I go back to this point last year, not because I’m masochistic (maybe slightly), but because that one incident exposed all the fears and anger I had pent up. It wasn’t just the staff that I was angry at up at that point. There was a whole entire slew of people who “meant well” and had left me with some advice that was good and many that were bad. It was my anger towards my passiveness at simply doing whatever I was told. It was my anger toward people, so fraught with expectations I had on myself as well as others. It was that condescending tone reserved for the young from “older” people, that tone that I had mistaken for concern. I decided to stop listening.

I took the first step to becoming an adult, when I stopped looking for affirmation over the decisions I made. And I stopped looking for affirmation, when I finally became angry at the people I thought I could depend on for support who were not really there for me. I know they meant well, but at the end of the day, so did that staff at the nursing home.

I learned after that summer that you take care of yourself, because while others do have good intentions, they don’t actually have the capacity of knowing everything that’s going on. Perspectives are limited, no matter how well meaning people are, and expectations can only lead to disappointment.

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A TV and a Microwave

My mother was telling me about a distant relative of ours. His mother was white, and his father was Chinese. After a while, his mother passed away and he grew up more or less with his father. At some point, he decided that he wanted to meet his father’s side of the family, “because family was important to him,” my mother said. After all, if there’s one thing that’s been repeated over and over again, it’s that family comes first, beyond friends and anything else. It’s a Chinese value as implied over the years, not American, like a carefully measured differentiation in these two systems that do not mix in the way oil and vinegar does not. If you don’t have family, you don’t really have much, she mentioned.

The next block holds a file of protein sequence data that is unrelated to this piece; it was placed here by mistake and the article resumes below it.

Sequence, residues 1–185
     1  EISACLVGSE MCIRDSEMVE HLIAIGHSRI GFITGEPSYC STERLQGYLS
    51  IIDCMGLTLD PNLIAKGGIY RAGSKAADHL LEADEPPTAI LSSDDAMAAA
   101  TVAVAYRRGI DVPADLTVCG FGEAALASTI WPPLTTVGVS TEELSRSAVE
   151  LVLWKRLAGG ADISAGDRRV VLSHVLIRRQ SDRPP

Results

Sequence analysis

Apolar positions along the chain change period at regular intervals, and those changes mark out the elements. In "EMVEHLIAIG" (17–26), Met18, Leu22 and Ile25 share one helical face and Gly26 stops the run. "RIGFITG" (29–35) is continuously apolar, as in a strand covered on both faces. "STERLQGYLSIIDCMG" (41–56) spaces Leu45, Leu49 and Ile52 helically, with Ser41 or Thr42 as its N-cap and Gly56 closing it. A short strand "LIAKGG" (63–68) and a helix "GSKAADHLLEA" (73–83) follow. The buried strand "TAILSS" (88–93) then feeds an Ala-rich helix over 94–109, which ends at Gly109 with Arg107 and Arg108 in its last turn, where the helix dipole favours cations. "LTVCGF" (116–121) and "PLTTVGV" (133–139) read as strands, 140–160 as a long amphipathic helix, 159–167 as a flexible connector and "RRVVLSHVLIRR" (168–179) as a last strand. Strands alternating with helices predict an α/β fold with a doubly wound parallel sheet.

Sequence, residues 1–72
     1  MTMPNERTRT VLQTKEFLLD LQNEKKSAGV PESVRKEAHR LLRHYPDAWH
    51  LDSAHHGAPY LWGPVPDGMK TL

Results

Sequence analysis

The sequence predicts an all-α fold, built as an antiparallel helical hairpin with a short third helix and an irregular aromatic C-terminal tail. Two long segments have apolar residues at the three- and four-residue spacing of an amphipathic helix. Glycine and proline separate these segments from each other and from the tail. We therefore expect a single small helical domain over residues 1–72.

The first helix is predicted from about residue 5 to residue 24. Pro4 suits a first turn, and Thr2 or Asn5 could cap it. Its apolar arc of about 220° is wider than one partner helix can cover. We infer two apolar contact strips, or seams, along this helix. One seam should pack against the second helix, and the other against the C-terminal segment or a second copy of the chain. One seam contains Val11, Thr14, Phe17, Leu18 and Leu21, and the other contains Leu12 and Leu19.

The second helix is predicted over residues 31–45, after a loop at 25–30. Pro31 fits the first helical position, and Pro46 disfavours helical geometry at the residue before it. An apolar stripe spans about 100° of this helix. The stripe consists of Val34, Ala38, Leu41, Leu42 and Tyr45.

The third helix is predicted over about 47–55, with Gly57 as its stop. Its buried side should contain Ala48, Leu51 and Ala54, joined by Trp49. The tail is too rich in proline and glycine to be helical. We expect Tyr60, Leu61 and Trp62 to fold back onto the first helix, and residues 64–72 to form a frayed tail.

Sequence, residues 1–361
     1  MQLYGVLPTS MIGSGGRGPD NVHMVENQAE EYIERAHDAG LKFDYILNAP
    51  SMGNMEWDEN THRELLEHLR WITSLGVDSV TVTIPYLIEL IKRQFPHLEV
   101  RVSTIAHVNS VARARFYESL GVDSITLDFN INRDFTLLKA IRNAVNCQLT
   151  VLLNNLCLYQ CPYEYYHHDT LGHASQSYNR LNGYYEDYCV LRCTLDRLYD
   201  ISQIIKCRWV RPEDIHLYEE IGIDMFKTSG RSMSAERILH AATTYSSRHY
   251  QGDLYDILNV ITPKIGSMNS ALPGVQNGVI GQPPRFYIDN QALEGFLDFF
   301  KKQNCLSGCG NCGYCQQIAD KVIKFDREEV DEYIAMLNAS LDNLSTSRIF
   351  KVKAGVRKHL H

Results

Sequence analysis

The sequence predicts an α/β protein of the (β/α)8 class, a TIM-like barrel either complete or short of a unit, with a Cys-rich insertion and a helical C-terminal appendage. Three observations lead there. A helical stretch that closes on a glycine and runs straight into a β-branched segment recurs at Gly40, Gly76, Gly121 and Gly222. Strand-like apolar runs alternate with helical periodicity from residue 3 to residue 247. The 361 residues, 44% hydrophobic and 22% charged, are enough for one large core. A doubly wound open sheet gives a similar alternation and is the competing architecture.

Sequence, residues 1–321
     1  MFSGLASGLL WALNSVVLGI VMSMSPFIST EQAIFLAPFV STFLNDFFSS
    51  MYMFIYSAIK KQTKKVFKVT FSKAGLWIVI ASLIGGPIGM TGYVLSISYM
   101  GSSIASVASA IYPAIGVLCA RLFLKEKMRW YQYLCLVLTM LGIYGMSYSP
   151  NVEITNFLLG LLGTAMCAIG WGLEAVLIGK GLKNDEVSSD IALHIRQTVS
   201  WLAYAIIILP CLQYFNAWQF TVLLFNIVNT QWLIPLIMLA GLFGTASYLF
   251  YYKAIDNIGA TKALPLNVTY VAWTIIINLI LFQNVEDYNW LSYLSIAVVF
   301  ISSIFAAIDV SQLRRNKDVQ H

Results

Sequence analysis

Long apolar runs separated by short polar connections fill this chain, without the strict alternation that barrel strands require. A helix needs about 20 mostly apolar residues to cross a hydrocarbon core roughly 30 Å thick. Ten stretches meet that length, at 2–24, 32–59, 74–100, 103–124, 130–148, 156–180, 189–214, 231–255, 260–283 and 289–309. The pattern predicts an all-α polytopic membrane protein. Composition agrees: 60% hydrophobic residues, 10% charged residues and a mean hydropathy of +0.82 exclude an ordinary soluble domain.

I don’t know whether she was trying to make that point with me when she randomly told me this story.

But in any case, this man, biracial by birth, sold his house, quit his job and moved to China to find that side of his family. My mother knows this, because his TV and microwave were our first when my parents came here during the 80s and had us. We were on the receiving end of his moving out of the states. I remember breaking off a little cover piece and discovering little knobs for the TV that changed the channels without the need of a remote control. I remember the dust that settled on the brown finish and glass-like screen. Curious appliances.

“What happened to him?” I asked.

“He came back,” my mother said. China apparently didn’t work out that well for him. Or maybe he realized that it was time for him to return to the states. Either way, he didn’t stay there excessively long. I don’t know this relative of ours; he was apparently distant enough that we never met him and I didn’t know of him until my mother spoke of him several months ago. But we had his microwave and TV, and those two items lasted us all the way through those early years in the outskirts of Chinatown and Oakland when my parents were adjusting to living in the states.